Seven of the top 10 countries where COVID-19 deaths have doubled the fastest are in Asia and the Pacific, with Vietnam, Fiji and Myanmar all in the top five, according toOur World in Data.
“In the short-term, we need much greater efforts by richer countries to urgently share their millions of excess vaccine doses with countries in Southeast Asia. We also need vaccine companies and governments to share technology and scale up production,”Mr Matheou said.
“These coming weeks are critical for scaling up treatment, testing and vaccinations, in every corner of all countries in Southeast Asia. We must aim for mass vaccination rates of 70-80 per cent if we want to win the race against the variants and overcome this global pandemic.”
Until vaccination levels reach a critical mass, in the short-term it is also crucial to reinforce health protection measures, such as wearing a mask, physical distance and meeting outdoors or in well ventilated spaces.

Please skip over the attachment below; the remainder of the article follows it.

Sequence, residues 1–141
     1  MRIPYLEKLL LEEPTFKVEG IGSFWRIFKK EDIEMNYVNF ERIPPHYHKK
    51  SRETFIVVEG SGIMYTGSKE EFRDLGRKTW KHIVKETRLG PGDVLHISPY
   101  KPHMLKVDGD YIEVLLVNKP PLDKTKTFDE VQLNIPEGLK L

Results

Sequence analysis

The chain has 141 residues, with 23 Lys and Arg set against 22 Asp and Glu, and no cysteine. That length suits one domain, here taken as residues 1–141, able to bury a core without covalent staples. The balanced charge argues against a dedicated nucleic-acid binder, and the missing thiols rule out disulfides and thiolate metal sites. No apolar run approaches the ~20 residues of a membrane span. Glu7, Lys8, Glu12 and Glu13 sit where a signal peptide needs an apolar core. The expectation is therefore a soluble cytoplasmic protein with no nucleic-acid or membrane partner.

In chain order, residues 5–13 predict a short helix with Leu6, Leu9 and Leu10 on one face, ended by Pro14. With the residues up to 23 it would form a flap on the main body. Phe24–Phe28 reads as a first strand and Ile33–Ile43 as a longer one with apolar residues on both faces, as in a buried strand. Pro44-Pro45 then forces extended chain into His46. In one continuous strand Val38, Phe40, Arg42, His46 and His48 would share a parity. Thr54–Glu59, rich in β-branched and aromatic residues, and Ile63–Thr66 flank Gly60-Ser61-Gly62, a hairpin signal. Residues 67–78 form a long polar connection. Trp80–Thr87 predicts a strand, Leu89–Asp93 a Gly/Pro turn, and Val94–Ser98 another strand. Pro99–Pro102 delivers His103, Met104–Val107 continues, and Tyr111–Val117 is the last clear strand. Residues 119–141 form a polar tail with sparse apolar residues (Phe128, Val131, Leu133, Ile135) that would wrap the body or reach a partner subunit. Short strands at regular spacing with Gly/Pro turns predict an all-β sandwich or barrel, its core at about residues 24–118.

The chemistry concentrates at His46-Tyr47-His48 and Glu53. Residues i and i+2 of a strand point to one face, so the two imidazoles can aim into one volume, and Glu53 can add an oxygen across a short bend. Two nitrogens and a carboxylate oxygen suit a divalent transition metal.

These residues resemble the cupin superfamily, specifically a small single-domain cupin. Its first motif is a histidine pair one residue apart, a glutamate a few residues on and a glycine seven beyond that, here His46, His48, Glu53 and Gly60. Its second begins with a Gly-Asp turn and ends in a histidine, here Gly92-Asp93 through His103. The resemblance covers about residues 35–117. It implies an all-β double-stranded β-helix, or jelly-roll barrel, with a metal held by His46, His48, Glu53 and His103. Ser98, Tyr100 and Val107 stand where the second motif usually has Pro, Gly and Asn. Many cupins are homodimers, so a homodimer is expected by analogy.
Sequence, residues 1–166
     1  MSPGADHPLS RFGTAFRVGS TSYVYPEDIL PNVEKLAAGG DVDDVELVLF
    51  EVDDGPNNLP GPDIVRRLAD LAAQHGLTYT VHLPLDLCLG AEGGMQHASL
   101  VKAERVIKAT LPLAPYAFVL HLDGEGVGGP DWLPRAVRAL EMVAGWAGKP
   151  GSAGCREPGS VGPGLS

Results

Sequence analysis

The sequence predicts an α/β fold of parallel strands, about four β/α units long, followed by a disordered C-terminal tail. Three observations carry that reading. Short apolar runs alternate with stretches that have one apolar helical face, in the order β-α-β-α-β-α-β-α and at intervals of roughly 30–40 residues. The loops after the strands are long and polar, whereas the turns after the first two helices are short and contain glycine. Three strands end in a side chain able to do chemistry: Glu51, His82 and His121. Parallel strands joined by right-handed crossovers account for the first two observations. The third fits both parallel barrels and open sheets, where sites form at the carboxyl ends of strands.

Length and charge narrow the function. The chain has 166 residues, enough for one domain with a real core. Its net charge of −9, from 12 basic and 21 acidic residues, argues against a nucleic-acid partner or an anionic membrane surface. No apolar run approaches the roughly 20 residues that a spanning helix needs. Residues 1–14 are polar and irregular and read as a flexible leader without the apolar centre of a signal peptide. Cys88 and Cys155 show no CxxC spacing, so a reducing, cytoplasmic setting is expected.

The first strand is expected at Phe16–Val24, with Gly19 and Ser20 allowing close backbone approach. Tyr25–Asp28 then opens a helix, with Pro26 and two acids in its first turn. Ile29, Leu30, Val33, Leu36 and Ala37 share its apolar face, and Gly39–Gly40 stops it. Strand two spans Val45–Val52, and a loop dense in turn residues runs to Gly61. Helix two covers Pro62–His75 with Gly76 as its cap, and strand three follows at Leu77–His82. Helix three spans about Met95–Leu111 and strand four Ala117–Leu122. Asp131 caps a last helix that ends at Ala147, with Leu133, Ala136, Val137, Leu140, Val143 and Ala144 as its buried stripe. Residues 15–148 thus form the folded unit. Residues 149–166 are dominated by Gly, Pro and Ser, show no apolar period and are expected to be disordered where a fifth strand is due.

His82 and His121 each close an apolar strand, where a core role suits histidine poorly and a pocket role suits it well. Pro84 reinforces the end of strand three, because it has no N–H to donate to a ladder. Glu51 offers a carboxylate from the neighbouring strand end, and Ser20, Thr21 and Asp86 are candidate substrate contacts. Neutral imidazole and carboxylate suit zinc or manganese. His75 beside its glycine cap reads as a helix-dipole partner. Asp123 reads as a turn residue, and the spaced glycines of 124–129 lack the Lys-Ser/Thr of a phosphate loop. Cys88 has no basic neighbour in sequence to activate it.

The IFRC is seeking vital funding for its global emergency COVID-19 appeal, with around 60% of the appeal covered so far. The funds are crucial to support the lifesaving actions of the IFRC and member Red Cross and Red Crescent National Societies around the world.
Photos of Red Cross and Red Crescent activities are available for download
| Press release
South East Asia: COVID-19 vaccine divide widens as Delta surges
Kuala Lumpur/Jakarta/Geneva, 13 July 2021:A deadly wave of COVID-19 fuelled by the Delta variant is crashing into South East Asia as the International Federation of Red Cross and Red Crescent Societies warns of a widening global vaccine divide.
Countries across South East Asia from Indonesia to Thailand, Malaysia and Myanmar are facing hospitals full and overwhelmed while many race to roll out vaccines.